The senior design project I have been working on in school is a "smart mirror". Equipped with a thermal and RGB camera, its primary purpose is to analyze a user's face and give health feedback. The subsystem I was responsible for was image processing and my goal was to analyze user images to obtain health metrics. In this post I go over extracting the user's skin.
If you take a picture of someone and want to do some image analysis of their skin lesions, first you have to determine which part of the image is their skin. A major requirment for this process is that it has to be more flexible than simply providing a fixed range of color values meant to include all human skin types.
The idea behind the skin extraction process here is that if you know where the face is then you have an approximation of what the rest of the skin looks like. This works well because face detection is robust and easy to implement and works for all skin colors. The process can also be improved by detecting and removing eyes and mouth before the skin color range is calculated.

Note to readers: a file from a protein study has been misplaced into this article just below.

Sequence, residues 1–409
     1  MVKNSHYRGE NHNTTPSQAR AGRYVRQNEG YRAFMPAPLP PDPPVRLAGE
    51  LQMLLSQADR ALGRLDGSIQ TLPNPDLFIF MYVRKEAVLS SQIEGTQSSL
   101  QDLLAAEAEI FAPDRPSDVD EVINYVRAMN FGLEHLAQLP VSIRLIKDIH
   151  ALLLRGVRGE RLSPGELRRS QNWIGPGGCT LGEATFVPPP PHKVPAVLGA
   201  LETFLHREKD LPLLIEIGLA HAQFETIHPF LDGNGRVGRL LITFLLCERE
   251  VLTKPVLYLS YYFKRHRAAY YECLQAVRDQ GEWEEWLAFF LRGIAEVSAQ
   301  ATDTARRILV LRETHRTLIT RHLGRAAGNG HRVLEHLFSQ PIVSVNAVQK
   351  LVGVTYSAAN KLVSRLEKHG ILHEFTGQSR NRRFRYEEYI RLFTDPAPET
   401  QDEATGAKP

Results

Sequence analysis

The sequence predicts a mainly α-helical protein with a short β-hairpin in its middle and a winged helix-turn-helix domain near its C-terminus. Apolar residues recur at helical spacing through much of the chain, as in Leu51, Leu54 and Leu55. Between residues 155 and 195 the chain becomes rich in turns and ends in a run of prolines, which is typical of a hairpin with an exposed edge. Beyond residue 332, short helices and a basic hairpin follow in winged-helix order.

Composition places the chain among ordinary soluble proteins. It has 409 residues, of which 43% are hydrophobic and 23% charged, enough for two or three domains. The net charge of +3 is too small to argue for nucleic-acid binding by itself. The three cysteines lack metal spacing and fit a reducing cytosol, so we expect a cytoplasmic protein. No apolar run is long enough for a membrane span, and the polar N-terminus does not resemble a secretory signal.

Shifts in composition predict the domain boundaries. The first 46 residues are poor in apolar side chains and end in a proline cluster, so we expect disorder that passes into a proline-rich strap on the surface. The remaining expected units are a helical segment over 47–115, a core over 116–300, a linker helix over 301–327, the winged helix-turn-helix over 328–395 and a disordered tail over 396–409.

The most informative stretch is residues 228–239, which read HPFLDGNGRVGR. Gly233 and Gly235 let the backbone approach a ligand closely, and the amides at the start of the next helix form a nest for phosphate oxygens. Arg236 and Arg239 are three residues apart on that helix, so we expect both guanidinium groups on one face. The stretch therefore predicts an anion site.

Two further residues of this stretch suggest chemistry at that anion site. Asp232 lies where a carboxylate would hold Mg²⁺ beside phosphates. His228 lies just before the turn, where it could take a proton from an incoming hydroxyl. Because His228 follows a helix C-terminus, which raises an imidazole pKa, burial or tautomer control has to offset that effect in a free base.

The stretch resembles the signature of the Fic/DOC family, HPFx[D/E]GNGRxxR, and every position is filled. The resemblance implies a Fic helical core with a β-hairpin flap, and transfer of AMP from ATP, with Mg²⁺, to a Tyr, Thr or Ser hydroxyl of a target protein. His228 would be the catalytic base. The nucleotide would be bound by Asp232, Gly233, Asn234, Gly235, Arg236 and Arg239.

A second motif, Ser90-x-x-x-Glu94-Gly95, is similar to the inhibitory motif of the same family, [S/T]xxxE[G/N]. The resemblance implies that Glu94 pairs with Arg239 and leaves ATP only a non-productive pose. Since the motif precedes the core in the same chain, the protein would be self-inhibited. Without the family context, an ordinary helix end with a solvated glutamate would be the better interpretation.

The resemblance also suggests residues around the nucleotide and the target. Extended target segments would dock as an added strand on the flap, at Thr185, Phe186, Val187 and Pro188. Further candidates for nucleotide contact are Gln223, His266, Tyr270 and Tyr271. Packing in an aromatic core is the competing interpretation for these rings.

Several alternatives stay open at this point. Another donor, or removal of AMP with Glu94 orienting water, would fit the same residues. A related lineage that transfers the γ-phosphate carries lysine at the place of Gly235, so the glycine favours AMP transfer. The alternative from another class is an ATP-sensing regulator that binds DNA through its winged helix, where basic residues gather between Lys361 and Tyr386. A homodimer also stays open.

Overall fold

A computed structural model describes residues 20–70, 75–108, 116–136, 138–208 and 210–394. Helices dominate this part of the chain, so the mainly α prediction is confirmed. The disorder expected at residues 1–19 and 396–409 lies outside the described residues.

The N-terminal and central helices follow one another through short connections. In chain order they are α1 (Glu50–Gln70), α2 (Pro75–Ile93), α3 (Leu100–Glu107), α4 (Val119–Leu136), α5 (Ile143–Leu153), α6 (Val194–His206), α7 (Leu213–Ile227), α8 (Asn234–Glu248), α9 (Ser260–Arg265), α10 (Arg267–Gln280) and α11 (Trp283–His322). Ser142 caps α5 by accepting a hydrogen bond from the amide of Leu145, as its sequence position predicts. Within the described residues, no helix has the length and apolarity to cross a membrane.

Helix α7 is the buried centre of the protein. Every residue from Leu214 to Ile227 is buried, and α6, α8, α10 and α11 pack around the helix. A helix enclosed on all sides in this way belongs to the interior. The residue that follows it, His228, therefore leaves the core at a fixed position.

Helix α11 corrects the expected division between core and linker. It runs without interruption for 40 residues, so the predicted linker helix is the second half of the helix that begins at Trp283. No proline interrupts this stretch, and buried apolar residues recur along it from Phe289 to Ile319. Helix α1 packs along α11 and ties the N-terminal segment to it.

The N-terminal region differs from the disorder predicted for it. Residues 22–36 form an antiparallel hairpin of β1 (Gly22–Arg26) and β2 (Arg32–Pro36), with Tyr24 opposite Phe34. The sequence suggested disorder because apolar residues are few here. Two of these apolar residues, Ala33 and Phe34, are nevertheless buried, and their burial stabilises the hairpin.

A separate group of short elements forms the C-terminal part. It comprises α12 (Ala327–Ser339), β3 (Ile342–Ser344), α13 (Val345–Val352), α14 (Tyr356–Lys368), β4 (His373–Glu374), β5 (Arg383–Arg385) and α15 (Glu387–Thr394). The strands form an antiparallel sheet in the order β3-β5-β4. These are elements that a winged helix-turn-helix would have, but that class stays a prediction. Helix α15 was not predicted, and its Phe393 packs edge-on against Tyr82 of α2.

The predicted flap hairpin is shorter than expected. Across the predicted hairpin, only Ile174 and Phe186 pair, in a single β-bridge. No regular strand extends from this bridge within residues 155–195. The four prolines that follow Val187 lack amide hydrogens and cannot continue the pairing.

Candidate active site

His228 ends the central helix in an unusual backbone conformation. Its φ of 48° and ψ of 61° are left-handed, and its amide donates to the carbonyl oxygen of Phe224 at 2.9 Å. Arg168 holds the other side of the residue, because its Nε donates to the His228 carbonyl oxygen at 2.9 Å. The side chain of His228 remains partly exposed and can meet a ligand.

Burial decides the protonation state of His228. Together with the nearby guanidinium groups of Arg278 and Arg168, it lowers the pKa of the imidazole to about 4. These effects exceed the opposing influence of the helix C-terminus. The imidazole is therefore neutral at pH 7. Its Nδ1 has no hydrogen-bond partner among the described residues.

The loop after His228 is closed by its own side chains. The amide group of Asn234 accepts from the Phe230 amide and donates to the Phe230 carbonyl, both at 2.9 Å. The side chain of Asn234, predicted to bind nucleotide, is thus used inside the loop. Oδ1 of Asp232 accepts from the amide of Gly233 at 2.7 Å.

This process will still include any background areas or hair that are too similar to the skin color of the user. In addition, accuracy of skin detection depends on the accuracy of face and face feature detection. For the length of this project I used OpenCV's Haar Cascade classifiers for this detection however they were not all that accurate, especially for mouth and eye detection. If I were to go back I would look at alternatives such as facial landmarks with dlib.
Github for OpenCV code, in C++.